Most researchers know that they need to contact the appropriate state or county to get birth certificates or other vital records. Because these are not federal records, they are not in NARA’s holdings. So why can you sometimes find copies of official state-issued vital statistics in our records? Think about it – when you contact [...]
We’ve already looked at the Mortality Schedules and the Agricultural Schedules. Both provide information about individuals, and can be useful when doing genealogical research. But did you know that there are also some Nonpopulation schedules that provide information on a county or town level? They are called Social Statistics Schedules, and they were taken between [...]
If you’ve been watching the new NBC show, Who Do You Think You Are?, you may have seen a recent episode where slavery in America was discussed. Researchers with slave ancestors often have trouble because there just aren’t a lot of federal records which list slaves by name. One type of federal record that researchers [...]
The National Archives in the DC area has a lot of public programs. One of our most successful ventures is our Know Your Records lecture series. We present weekly lectures, both at the National Archives Building and the National Archives in College Park, on a wide variety of research topics. A year and a half [...]
A couple of weeks ago I showed you an example of a Mortality Schedule. Today I want to show you another type of Nonpopulation schedule – this time an Agricultural Schedule. If you have an ancestor who was a farmer in the mid-nineteenth century, you may be able to find information about their farm. You [...]
Most genealogists are familiar with the federal population census records and begin their research with these records. But did you know that the Census Bureau also took a series of Nonpopulation Census records between 1850 and 1880? They included mortality, agricultural, industrial, social statistics and defective, dependent, and delinquent schedules. These censuses cover the 12 [...]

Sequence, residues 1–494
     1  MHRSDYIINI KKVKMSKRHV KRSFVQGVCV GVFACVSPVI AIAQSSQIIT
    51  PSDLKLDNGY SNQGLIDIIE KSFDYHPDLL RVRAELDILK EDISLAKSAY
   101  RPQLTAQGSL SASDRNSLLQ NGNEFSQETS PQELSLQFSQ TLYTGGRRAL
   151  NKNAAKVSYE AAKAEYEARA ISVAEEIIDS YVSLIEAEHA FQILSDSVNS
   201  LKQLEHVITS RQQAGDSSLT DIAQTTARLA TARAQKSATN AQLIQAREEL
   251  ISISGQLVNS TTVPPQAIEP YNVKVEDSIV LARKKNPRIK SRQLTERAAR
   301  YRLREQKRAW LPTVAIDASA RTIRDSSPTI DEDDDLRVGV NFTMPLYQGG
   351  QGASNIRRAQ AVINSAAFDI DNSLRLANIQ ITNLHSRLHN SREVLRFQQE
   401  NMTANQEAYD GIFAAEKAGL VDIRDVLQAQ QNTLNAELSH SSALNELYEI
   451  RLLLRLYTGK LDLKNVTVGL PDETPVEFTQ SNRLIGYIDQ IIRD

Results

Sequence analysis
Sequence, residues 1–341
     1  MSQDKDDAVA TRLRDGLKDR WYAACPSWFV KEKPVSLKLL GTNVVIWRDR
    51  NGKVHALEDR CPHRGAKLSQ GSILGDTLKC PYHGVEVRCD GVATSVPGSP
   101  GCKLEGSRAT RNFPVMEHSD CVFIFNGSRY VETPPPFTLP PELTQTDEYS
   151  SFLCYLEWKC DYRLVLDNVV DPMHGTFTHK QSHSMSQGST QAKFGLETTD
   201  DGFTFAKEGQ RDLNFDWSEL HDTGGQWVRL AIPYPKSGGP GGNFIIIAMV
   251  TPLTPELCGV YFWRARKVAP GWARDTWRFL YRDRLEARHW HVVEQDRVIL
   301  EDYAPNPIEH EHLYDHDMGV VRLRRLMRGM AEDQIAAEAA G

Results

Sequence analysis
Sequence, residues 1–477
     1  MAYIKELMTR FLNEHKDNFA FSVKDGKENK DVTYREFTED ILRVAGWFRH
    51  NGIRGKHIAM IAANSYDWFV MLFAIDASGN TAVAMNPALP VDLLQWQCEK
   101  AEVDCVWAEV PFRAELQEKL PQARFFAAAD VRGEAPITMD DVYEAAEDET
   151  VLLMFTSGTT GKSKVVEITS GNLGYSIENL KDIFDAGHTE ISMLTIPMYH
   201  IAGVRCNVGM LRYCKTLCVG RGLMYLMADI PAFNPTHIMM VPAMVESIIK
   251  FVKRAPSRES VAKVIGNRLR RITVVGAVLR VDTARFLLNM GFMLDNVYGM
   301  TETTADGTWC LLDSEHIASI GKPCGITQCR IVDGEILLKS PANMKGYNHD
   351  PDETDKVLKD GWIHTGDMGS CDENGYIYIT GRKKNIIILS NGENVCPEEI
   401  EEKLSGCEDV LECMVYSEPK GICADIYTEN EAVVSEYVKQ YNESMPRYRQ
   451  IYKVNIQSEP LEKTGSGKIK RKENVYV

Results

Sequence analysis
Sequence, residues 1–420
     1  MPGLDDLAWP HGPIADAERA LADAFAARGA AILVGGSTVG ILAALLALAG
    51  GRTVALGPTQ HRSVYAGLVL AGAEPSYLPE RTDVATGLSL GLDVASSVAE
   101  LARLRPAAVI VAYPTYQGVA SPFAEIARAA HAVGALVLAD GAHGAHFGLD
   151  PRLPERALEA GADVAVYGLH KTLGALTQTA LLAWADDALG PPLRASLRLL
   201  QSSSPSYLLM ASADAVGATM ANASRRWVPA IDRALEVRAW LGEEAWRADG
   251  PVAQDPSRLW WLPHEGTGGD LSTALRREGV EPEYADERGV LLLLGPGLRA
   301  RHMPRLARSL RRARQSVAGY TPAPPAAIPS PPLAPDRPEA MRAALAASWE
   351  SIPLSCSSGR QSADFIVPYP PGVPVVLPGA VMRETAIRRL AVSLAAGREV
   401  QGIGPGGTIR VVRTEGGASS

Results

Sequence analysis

Posted by Katherine on January 22, 2010, under Family Tree Fridays, Genealogy / Family History, Miscellaneous.
With records available in so many different formats these days, researchers are often faced with a choice – which indexes to use, the original microfilm and printed indexes or the newer online indexes? Both types have drawbacks. The microfilm and printed versions often have misspelled names. Also, they sometimes skip people entirely. My great grandfather’s [...]
Did your ancestor travel abroad? If your ancestor was a U.S. citizen, then he or she may have applied for a U.S. passport. The records include standard information such as the date of birth, occupation, and citizenship information. Some of the applications provide additional information that may lead to immigration or naturalization records. Some even [...]
Everybody starts researching their family history with the expectation of finding out about their ancestors. Researchers are usually looking for such information as the names of previously unknown ancestors or immigration and naturalization dates. Sometimes, however, they get more than they bargained for. Take, for example, this census record. In 1870, Maggie Taylor and Jennie [...]
Last week John showed you an example of an unusual find in a pension record – a Fraktur which was used by a widow or other dependent to prove their relationship to a deceased soldier – and asked if anyone had found anything else unusual or revealing. Even more “typical” documents can reveal a lot of [...]
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